People have embraced the Internet and new ways of communicating with each other and sharing experiences. The way we listen to music, share pictures and handle money has changed. The way we remember people after they die is also changing, and as many as 24% of people would rather post their condolences online than send a condolences telegram.
What happens to digital accounts and activities when someone dies? Would your family know where to find your online accounts and profiles, your passwords? Is it possible to change passwords after someone's death? Where to begin with all of this?
Here we give you helpful tips on what to do when someone dies and what you can do in advance to make sure your digital heritage is managed the way you want it to be, whether it's to make sure your precious photos aren't lost, to make sure no one forgets your valuable bitcoin collection, or the permission on Facebook to remember you through a memorial page.
What is a digital legacy?
Nowadays most people have a phone, tablet or computer and various profiles on them. A person's digital legacy includes all digital data that a person leaves behind after death.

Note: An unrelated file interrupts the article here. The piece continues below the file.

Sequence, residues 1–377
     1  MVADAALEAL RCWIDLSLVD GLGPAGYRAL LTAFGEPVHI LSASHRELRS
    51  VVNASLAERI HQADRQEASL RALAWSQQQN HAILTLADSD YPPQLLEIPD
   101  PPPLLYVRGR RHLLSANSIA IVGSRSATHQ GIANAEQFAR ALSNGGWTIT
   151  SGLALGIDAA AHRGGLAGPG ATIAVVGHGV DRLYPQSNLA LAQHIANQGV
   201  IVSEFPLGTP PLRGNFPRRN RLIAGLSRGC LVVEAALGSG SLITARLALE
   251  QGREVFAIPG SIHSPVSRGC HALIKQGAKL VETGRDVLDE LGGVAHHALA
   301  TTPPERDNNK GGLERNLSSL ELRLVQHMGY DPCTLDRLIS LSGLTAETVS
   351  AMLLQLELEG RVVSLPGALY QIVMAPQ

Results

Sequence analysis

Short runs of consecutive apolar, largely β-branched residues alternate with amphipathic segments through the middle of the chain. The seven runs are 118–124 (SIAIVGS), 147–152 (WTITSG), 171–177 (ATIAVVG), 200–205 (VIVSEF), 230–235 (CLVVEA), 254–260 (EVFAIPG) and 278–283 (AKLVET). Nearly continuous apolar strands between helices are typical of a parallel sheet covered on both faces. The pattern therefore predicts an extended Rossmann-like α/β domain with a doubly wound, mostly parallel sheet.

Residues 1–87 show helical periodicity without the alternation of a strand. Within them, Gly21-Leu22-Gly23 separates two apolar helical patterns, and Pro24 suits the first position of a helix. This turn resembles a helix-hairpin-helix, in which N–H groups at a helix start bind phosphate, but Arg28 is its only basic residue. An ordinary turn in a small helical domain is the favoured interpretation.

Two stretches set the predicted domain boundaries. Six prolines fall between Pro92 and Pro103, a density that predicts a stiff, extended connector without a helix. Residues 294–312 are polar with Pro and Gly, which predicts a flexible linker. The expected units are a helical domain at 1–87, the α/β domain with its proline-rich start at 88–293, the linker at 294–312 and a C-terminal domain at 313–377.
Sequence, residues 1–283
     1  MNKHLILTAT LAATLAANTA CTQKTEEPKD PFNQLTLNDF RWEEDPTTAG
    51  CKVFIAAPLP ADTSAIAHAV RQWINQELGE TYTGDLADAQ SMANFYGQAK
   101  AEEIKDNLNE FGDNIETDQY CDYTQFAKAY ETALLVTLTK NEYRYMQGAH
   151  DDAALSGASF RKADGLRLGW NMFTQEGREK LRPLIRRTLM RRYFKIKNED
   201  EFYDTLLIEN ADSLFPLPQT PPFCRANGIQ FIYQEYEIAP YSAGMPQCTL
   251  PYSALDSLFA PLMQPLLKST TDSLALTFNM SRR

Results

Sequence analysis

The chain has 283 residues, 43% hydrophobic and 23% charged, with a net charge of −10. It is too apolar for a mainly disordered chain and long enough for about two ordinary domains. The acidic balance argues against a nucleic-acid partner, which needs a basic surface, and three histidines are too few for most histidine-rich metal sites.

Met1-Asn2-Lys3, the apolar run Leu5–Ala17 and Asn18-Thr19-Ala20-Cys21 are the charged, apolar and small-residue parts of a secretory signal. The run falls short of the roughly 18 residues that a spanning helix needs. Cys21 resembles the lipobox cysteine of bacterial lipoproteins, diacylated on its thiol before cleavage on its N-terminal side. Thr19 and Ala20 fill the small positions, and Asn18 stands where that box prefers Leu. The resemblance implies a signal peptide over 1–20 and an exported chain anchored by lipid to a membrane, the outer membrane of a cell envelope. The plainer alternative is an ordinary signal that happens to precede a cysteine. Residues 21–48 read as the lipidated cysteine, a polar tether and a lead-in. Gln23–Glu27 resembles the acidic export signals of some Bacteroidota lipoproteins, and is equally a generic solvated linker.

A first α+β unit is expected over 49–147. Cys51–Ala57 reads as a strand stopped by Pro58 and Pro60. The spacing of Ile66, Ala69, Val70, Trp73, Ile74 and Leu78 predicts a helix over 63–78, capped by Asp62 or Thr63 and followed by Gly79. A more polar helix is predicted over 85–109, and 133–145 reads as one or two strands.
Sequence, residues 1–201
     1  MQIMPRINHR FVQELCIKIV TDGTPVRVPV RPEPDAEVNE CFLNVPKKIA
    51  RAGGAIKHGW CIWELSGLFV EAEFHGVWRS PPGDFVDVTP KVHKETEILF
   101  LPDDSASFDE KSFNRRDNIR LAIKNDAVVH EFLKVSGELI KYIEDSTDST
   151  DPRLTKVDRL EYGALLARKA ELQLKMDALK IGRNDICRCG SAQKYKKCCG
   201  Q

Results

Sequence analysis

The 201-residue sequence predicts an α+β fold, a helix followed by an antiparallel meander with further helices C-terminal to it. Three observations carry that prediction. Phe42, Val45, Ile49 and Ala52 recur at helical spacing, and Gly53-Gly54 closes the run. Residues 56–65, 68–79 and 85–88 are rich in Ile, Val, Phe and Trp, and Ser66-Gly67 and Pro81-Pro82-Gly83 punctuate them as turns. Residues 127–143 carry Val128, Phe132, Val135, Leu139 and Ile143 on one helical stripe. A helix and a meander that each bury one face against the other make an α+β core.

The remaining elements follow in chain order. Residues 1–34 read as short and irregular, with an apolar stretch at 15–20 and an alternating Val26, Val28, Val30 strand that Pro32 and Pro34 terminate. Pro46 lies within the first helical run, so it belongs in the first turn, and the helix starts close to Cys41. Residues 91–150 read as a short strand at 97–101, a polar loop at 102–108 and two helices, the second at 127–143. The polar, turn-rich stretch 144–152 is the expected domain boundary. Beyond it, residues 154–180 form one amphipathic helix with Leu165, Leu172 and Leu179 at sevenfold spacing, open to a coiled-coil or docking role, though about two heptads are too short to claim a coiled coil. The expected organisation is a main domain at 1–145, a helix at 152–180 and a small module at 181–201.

Facebook, Twitter or Instagram accounts
subscription accounts (e.g. Spotify, Apple iCloud Storage
Music on iTunes
Xbox and PlayStation online gaming accounts,
Amazon, eBay and PayPal online trading accounts
Cryptocurrencies e.g. Bitcoin, Ethereum, Ripple, etc.
Intellectual property such as various websites and domains, blogs, logos or e-books.
People are not used to worrying about digital legacy after death, although it is important because if it is well managed, it can bring comfort to friends and family and remind them of the good memories.
Here are the links where individual profiles and accounts can be deleted or switched to a new user:
When someone dies, their Facebook account can be permanently deleted or marked in memory, allowing family and friends to share content on that person's timeline. When a profile is marked, the word ‘Remembering‘ appears next to its name. Memorized accounts are only visible to family and friends and do not appear in searches.
Google takes the privacy of its email accounts seriously and will not allow heirs to access the account. Google provides users with a planning tool called Inactive Account Manager. This tool allows you to tell Google what you want to do with your email and data after a certain period of inactivity. You can delete your data after 3, 6, 9 and 12 months of inactivity, or you can choose to have your data sent to up to 10 trusted contacts.
When you close a Microsoft account, it deletes all other Microsoft services associated with that account, such as Outlook, Skype, all files saved on OneDrive, Xbox Live data and GamerTag. Microsoft has a help desk after someone dies but won't give you access to a username or password.
You can request the closure of a Yahoo email account and after Yahoo is notified that the account holder has passed away, it deletes all content on the account regardless of the precious photos or documents.